As an international financial centre, Singapore has an important part to play in weeding out money laundering activities, including those related to corruption, said Minister in the Prime Minister's Office Chan Chun Sing yesterday.
To this end, the country's law enforcement agencies will contact their foreign counterparts to start investigations whenever there is reason to suspect illicit funds have flowed through Singapore.
The Monetary Authority of Singapore (MAS) has also put in place a "robust" regime that combines tough licensing requirements, strict regulations and rigorous supervision, Mr Chan added at the debate on the PMO's budget.
It requires that financial institutions implement systems to detect and deter the flow of illicit funds in and out of Singapore, and report suspicious transactions.
Mr Chan was responding to Ms Sylvia Lim (Aljunied GRC), who asked if measures against money laundering have been effective.
She said 40 banks operating here are being investigated by the MAS for possible money laundering offences linked to troubled Malaysian state investor 1Malaysia Development Berhad (1MDB).
Citing foreign media reports that accused Singapore of "asking no questions or turning a blind eye to sources of funds being managed from here", Ms Lim called into question Singapore's commitment towards eradicating corruption.
She said it has been suggested that Singapore has "a certain double standard - intolerance towards corruption within Singapore but permissiveness towards corruption committed abroad".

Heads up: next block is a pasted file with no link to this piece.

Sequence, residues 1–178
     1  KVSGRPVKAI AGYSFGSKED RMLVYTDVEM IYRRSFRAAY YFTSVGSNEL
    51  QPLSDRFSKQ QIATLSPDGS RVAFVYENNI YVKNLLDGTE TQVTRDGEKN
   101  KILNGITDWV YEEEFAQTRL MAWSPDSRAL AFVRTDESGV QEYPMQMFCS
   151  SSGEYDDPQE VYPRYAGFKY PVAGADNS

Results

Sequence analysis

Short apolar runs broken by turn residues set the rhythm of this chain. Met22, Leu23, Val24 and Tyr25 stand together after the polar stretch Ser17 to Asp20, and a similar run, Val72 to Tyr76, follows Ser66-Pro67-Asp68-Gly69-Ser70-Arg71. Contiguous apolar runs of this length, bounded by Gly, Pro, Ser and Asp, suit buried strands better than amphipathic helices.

Mr Chan declined to comment on 1MDB, citing ongoing investigations.
But he said the Prevention of Corruption Act provides for Singaporeans to be taken to task, even if they had committed corruption abroad.
He added that Singapore's financial intelligence unit, the Suspicious Transaction Reporting Office, has provided information to other countries that has led to corrupt persons being prosecuted.
Yesterday, Ms Lim also asked if the Government was concerned "that Singapore's anti-corruption reputation has thus been eroded".
To this, Mr Chan said the best test of Singapore's reputation "lies in whether people will put their trust in us, do business with us, and place their money here".
"It is in our collective interest to make sure that we not only maintain our reputation, but continuously strengthen that trust for people to put their assets and intellectual property with us," he added.